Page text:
But over time, we started to argue. I found myself constantly saying “the wrong thing,” and I felt as if I was walking on eggshells. Tensions built up, and one night, our friendship ended abruptly, with no prior warning.

She called me that night and launched us into an argument, and this time, instead of indulging her, I let my anger take over. I hung up on her, mid-sentence. She fired back with a scathing text. Later that evening, I vented all of the frustrations I’d held back saying for months by means of our formerly beloved voice memo. The next morning, I received a long, vehement text from her, telling me exactly what she thought of me.

And just like that, our best-friendship was over. At the time, I felt like I was blindsided, but the truth of the matter is that it had been steadily crumbling. Despite knowing this, I still mourn the loss.

Batya Carl/Dearly

And yet again, I was tempted to hold auditions for my own new BFF. I asked myself, “Would my next one last forever?” But more importantly, I realized that they don’t have to last forever. My BFFs were all real, and all of them corresponded to my life circumstances and what we needed from each other at the time. The type of friendships I sought out in high school wouldn’t benefit me now — because I’m not the same person I was at 16.

We carry this belief, ingrained in us from a young age, that best friends are supposed to last forever. But throughout life, we grow and shift and change, and so do our friends, who I believe are an extension of us and what we want for ourselves. Maybe the “problem” isn’t me or my ex-BFF … because losing a best friend isn’t necessarily a problem — it’s a natural part of growth.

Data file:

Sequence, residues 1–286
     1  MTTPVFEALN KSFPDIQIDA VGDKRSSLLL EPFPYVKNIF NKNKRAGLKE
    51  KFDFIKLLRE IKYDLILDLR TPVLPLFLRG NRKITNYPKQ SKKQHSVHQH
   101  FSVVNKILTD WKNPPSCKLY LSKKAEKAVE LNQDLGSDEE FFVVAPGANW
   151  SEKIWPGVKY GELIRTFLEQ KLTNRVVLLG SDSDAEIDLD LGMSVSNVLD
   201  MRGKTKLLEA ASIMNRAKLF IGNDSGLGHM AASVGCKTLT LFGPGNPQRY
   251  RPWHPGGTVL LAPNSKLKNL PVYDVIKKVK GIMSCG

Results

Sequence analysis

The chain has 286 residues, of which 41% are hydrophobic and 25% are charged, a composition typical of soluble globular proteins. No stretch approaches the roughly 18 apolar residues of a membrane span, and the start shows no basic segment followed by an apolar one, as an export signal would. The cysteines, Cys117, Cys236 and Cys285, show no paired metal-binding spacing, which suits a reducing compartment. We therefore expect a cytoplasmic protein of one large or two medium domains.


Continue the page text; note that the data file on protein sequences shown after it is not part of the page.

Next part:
I think a lot of the issues in my most recent friendship stemmed from wanting different things out of the relationship. What worked at the start of our relationship was no longer useful to either of us by the end of it.

As for my first best friend from toddlerhood? A few years ago, when I moved to my current city, I would run into her fairly often, as we didn’t live far from one another and had mutual friends in the same circles. I ran into her once, and she remarked to me that she didn’t have many photos of herself from early childhood, from happier times when her parents were still together and we were friends. She said that she wished she had some.

I checked in with my mom, who owns an impressive collection of old photos. She found a few pictures of my childhood friend with her siblings, so I collected them, putting them in a small album. She was touched, and that day, she invited me over to her apartment. We wound up sitting in her living room, eating dark chocolate and talking for hours. In just one afternoon, we came full circle, renewing the close friendship we have today.

I am often tempted to ask her what happened between us all those years ago.

But I haven’t yet, and I probably never will.

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I’ve Lost a Few ‘Best Friends Forever’ — And I Realized It’s Not a Bad Thing